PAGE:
The Indian Ministry of Economic Affairs is concerned that major non-bank financial corporations (NBFCs) and housing finance companies will not be largely defaulting in the next six weeks if no additional liquidity assistance is provided to these companies. announced Friday the MoneyControl economic information website. In a letter to the Ministry of General Affairs, the DEA described the financial situation as "still fragile" when it debated the impact on financial stability of the failure to pay Infrastructure Leasing and Financial Service Ltd. (IL & FS) , says the website.
A series of failures at IL & FS caused a sharp drop in Indian stock markets and debt, as fears of contagion persisted in the country's financial sector.
Last month, the Indian government took control of IL & FS to protect the financial system and markets against a potential collapse, and replaced its board of directors. The new board presented a plan to relaunch the debt firm this week. Nearly 2 trillion rupees (27.23 billion US dollars) of NBFC and HFC debt are due by the end of December, the DEA said in its letter. He said he estimated a funding gap of up to Rs. 1 trillion by the end of the year.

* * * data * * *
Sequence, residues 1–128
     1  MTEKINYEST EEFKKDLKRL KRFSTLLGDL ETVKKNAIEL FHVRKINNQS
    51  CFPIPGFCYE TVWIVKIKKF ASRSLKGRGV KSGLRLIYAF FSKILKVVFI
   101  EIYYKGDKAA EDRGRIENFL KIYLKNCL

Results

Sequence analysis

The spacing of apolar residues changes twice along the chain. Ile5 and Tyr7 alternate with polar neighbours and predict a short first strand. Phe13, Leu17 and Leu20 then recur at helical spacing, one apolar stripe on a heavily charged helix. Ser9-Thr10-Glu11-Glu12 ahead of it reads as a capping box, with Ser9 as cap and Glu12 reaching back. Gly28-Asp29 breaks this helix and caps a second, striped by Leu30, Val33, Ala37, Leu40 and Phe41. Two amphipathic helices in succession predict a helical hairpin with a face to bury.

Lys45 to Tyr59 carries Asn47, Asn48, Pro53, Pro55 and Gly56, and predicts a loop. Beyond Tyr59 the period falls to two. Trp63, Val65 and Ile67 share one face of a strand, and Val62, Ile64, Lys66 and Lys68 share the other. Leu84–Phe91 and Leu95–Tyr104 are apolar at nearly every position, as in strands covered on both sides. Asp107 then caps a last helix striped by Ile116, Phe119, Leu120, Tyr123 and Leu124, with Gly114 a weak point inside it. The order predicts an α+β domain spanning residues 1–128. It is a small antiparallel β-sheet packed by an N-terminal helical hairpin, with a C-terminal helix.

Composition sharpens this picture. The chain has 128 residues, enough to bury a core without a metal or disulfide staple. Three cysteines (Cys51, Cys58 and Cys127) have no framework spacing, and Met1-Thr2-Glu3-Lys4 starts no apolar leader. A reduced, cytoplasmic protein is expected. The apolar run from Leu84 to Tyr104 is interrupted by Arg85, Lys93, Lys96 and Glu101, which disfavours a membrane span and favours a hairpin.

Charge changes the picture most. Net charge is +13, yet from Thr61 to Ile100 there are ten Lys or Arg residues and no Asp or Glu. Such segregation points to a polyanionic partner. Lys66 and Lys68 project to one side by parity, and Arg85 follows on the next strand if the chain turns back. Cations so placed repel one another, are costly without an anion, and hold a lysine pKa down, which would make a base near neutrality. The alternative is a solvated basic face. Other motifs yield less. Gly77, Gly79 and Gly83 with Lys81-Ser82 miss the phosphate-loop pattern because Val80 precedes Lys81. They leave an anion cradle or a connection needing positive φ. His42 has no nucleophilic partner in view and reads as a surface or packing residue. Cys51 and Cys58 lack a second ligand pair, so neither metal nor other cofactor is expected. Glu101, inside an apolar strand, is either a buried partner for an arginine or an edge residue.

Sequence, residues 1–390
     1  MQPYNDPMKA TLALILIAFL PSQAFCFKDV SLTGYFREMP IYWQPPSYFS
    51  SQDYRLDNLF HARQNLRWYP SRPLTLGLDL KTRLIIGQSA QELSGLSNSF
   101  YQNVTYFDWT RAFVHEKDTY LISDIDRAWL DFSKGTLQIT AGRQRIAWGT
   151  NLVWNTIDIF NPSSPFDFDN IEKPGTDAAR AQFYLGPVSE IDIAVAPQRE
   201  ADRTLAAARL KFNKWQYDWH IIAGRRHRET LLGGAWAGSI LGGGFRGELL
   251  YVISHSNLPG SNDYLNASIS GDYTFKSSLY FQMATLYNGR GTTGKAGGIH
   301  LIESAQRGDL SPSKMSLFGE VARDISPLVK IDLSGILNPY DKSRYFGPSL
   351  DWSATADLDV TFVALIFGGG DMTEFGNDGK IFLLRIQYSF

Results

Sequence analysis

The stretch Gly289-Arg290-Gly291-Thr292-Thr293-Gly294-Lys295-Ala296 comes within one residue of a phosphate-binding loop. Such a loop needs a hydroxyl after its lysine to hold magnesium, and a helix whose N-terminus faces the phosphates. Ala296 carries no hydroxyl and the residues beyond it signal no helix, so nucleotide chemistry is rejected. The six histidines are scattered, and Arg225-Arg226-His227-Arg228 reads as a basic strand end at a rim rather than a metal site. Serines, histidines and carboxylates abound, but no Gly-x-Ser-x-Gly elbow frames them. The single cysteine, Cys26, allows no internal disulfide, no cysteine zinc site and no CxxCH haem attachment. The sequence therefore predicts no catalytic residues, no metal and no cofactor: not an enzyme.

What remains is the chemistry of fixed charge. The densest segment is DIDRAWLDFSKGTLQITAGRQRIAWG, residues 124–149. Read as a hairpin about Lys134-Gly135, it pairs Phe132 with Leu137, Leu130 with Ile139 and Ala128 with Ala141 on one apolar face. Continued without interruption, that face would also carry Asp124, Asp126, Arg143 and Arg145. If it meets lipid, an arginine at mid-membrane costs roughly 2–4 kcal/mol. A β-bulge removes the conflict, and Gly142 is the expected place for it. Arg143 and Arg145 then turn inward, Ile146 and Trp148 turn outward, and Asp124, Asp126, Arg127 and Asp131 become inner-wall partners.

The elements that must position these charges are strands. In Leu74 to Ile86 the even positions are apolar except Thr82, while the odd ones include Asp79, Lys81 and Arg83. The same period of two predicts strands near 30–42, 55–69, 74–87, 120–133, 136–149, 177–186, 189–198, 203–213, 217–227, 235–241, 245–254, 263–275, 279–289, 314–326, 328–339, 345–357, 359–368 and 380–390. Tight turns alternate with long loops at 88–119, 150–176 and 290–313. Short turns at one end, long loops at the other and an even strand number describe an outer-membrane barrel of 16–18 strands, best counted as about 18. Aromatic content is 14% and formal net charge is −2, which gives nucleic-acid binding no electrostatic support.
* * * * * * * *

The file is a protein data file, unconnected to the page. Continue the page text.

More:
The DEA declined to comment on the case. Two hundred trillion additional rupees of commercial paper and non-convertible debentures will have to be redeemed in January-March next, the report quoted the letter as saying.
In the absence of additional liquidity, the largest NBFC and HFC companies could default in the next six weeks and the financial cycle of the productive sector would suffer, said the report quoting the DEA letter.
The report on the letter comes amidst a dispute between the Indian government and the Reserve Bank of India (RBI), one of the disputes over government pressure on the Indian central bank to increase the liquidity of NBFCs.